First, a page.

Manufactured homes.

What Is A Manufactured Home And Is It The House For You?

Victoria Araj5-minute read

November 13, 2020


If you’ve been on the house hunt for a while now, you’ve more than likely heard the term “manufactured home.” But what is a manufactured home, exactly? If someone told you it’s simply a mobile home, then we must inform you that times have changed.

For many home buyers, manufactured homes are an affordable alternative to more traditional, expensive real estate. Despite their lower costs, the modern manufactured home can feature the same desired amenities as pricier housing.

While Rocket Mortgage® does not currently offer financing for manufactured housing, we feel the need to keep our readers informed on their housing options to help them choose the best home for their needs.

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Manufactured Home Definition

Manufactured homes are, as their name suggests, “manufactured” in factories piece by piece in accordance with building codes set by the U.S. Department of Housing and Urban Development (HUD). The homes are affixed to a permanent chassis with wheels and transported to the home site, either in sections or as a whole, and installed on either a temporary or permanent foundation.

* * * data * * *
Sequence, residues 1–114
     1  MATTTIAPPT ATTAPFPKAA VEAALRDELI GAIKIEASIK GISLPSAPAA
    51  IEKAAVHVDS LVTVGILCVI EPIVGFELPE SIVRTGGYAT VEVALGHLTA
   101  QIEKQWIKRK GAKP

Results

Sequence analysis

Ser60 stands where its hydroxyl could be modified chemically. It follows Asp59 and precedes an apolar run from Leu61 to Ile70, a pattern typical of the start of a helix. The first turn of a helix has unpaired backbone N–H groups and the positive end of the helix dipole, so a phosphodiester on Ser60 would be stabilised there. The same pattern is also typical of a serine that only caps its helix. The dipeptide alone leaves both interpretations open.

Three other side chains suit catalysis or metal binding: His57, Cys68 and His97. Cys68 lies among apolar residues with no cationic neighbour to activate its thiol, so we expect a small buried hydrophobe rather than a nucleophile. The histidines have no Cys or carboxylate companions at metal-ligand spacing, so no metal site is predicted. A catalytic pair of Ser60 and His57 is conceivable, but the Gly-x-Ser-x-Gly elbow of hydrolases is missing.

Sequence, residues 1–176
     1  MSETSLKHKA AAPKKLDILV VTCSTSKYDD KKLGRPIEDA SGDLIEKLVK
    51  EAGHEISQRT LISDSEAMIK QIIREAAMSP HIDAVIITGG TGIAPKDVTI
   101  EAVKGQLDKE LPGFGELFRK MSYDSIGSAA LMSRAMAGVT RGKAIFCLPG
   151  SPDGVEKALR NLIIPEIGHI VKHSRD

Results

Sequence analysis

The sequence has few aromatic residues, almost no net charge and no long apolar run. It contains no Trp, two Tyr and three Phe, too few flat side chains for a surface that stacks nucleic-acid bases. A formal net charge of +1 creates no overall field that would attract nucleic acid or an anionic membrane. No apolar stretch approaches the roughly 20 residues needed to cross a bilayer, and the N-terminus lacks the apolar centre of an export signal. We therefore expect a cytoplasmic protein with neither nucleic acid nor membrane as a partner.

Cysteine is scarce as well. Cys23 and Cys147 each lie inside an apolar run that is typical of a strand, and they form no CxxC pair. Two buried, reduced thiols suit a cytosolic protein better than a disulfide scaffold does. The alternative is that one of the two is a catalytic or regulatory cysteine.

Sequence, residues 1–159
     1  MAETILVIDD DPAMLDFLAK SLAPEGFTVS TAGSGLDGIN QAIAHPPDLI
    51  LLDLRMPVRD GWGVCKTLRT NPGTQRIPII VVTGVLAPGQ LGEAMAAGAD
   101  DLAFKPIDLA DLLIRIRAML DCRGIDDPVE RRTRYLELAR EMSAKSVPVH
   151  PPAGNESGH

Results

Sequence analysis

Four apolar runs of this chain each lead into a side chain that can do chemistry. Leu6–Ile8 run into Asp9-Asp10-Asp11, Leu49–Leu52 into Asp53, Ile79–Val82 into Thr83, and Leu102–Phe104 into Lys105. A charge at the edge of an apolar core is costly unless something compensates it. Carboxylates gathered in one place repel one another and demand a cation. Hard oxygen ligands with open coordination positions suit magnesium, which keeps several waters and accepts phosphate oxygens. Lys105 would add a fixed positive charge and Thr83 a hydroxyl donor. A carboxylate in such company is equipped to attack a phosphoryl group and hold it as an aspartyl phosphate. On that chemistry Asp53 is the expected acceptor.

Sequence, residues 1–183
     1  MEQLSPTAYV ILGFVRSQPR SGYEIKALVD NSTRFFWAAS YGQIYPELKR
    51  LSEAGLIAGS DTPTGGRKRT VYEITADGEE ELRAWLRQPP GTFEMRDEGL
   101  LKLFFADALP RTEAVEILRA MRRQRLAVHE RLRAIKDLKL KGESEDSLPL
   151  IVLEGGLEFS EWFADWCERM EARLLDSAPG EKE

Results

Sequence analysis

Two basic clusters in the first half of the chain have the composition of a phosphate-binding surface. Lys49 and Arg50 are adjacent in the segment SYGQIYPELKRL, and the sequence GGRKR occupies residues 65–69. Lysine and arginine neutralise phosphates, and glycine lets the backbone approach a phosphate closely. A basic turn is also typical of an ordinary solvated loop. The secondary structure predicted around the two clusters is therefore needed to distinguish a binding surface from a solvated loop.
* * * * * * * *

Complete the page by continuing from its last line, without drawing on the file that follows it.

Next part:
Modern manufactured homes can come in three general floor plans:

  • Single-wide: A home built in one long section.
  • Double-wide: Two sections joined to make a larger home. This model is popular with first-time home buyers.
  • Triple-wide: A less common model with three sections joined together for a larger, more spacious home.

A newer model of manufactured homes, dubbed the CrossMod™ by the Manufactured Housing Institute, can include features similar to traditional site-built homes like garages, covered porches and interior drywall. A CrossMod™ can also be financed and appraised similarly to traditional housing.

What Is A Mobile Home?

While the terms “mobile home” and “manufactured home” are often used interchangeably, the former term has been technically obsolete since 1976, when the National Manufactured Housing Construction and Safety Standards Act by HUD went into effect.